Mama Mia! Pizzeria Fails Health Inspection for Putting “A Little Piece of Grandma Falzione in Every Slice”

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There has long been heated debates over the best pizza available in Tallahassee. Many students of FSU and FAMU would argue for Gaines Street Pies, Momo's or Centrale, but only true local experts have tasted the sweet sweet sauce of the true champion, Falzione's Pizza on Thomasville. Now, however, they may be the only ones to have ever tasted it. On Wednesday night, the doors of Falzione's were locked for possibly the last time as it was discovered that their motto — “A Little Piece of Grandma Falzione in Every Slice” — alludes to their secret ingredient: one tablespoon of the family matriarch's cremated remains.

“This is an outrageous affront on a central component of Italian-American culture. When Nonna Falzione — God rest her soul — came into Tallahassee Harbor from Napoli, she had nothing but just the clothes on her back, a dream of a better life and the traditional recipe for her angelic pizza pie!” Angrily complained Mikey Falzione, owner and proprietor of Falzione’s Pizza, as he formed two pointed fists and violently shook them in front of him. “Sure that recipe includes human remains, but it’s been that way for generations. Nonna added some of her Nonna in her pizza, and she added her Nonna and her Nonna before her — God rest their souls. She then passed it down to me and my cousins, Tony, Joey, Carmine, Giacomo, Vinny, Giuseppe and Marco. Now some big man health inspector wants to take us down? He makes me so mad, I'm gonna have him whacked and turned into Gabagool!”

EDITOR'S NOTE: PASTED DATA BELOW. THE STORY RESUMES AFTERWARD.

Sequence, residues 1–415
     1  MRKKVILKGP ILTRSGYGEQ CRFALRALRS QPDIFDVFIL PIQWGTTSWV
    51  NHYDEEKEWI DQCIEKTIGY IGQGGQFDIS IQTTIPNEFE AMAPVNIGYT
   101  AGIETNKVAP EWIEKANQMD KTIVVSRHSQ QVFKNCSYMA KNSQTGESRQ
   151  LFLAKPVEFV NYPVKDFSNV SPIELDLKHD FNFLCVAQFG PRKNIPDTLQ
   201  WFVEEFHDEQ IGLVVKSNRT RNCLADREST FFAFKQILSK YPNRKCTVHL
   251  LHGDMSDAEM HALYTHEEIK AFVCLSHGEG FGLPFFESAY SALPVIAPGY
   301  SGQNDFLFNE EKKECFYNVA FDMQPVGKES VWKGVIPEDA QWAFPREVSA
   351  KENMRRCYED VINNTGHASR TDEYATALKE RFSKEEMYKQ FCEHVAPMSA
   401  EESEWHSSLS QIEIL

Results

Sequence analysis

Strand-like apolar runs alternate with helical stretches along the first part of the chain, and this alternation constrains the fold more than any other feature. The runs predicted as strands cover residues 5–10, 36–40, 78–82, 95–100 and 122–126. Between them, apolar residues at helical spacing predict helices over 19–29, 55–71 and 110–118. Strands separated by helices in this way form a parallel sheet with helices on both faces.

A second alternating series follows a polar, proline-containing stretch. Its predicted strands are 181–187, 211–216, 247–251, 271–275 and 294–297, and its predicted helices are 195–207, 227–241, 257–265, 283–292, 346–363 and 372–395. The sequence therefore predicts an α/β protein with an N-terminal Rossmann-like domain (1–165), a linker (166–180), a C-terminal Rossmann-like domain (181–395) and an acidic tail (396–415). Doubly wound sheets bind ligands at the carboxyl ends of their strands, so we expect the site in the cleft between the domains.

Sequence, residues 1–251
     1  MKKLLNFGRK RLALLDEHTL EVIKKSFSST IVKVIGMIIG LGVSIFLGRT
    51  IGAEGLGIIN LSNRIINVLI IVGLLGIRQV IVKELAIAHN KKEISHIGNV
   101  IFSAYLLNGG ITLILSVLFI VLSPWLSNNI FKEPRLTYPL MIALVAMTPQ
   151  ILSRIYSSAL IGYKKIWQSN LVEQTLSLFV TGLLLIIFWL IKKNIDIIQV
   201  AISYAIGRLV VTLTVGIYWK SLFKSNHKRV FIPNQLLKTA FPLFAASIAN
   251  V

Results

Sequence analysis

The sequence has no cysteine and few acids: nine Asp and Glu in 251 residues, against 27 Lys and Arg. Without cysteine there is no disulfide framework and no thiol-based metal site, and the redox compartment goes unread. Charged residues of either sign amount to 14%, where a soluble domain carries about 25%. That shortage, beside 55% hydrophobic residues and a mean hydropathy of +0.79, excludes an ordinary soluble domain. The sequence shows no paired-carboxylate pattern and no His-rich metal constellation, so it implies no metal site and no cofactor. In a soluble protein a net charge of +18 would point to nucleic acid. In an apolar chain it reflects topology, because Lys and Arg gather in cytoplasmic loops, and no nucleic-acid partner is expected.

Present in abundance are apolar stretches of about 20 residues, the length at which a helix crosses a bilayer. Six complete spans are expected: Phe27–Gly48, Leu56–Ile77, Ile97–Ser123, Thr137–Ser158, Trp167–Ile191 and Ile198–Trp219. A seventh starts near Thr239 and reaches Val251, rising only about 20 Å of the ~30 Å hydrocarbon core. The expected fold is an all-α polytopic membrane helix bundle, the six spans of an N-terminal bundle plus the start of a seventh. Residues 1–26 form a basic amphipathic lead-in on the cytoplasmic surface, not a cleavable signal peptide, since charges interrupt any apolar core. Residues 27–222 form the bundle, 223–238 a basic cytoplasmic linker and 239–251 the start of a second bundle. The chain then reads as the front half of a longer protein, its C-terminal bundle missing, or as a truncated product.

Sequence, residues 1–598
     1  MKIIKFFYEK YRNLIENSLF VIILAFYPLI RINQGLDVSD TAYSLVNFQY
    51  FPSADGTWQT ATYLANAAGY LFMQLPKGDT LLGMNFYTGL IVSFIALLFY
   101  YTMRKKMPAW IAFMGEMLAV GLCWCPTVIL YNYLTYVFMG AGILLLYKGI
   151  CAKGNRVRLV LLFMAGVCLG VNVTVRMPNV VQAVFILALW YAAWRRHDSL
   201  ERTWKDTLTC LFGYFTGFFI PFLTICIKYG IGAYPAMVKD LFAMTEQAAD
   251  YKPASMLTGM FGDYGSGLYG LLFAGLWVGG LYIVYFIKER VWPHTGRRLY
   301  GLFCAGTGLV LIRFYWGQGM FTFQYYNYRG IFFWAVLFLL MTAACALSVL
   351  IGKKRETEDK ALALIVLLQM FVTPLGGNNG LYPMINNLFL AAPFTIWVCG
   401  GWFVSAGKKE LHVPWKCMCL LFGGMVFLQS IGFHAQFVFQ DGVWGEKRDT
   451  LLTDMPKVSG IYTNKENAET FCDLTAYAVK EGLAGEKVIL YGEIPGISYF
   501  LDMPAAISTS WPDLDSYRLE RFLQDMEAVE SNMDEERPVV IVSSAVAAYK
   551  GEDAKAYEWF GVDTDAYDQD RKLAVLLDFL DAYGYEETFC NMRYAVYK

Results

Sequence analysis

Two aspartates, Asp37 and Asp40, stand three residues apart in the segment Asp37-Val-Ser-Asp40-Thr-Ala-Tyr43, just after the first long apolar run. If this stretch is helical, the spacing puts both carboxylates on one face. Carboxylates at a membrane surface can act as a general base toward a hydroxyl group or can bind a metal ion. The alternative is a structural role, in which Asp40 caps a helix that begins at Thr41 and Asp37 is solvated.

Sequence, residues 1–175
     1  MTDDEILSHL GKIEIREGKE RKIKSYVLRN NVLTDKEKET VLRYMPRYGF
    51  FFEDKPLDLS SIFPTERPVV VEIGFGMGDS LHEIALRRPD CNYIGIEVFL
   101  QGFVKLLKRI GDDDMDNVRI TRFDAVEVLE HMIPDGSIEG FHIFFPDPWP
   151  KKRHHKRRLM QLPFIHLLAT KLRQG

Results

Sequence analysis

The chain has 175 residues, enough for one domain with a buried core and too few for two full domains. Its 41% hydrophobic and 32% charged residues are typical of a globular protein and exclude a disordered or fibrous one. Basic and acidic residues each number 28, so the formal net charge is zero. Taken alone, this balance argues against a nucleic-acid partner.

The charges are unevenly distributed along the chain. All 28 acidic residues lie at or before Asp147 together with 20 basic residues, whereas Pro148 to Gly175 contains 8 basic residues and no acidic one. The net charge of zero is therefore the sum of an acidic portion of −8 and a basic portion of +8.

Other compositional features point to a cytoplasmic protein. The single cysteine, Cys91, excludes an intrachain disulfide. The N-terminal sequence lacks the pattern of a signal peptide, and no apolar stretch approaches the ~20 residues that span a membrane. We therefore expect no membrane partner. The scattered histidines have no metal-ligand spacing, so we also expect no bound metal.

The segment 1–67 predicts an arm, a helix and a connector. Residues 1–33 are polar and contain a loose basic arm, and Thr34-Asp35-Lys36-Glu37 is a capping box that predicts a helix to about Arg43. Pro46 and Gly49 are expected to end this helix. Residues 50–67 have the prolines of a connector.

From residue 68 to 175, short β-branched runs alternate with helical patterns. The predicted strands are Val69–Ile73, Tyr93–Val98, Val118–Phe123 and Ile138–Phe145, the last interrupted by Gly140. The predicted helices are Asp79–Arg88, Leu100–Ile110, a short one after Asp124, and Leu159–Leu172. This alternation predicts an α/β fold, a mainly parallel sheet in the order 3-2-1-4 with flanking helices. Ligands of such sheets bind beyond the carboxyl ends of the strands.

“What a great tragedy from which the hidden pizza scene of Tallahassee may never recover,” pontificated insufferable food blogger and long-time Falzione's patron Jamie Blower, as he pushed up his glasses and tightened the scarf over his "Ask me about my mouthfeel" T-shirt. “There was something so roguish and innovative about forcing cannibalism on unwitting customers. Not to mention the flavour. Nonna Falzione — God rest her soul — gave the pizza such an authentic taste of Campagna, a real Italian Umami, if you will. Now we will be relegated to the plebian spices of oregano, basil and Parmigiano Reggiano.”

Leon County Health & Human Services has declined comment, citing the ongoing civil court battle raised by Falzione and 237 of his closest “cugini.” But even if the beloved local bistro can manage to get its doors reopened, the quintessential taste that came from the ashes of a departed loved one may be lost forever; the Falzione's of the past might as well be as dead as Nonna Falzione, God rest her soul.

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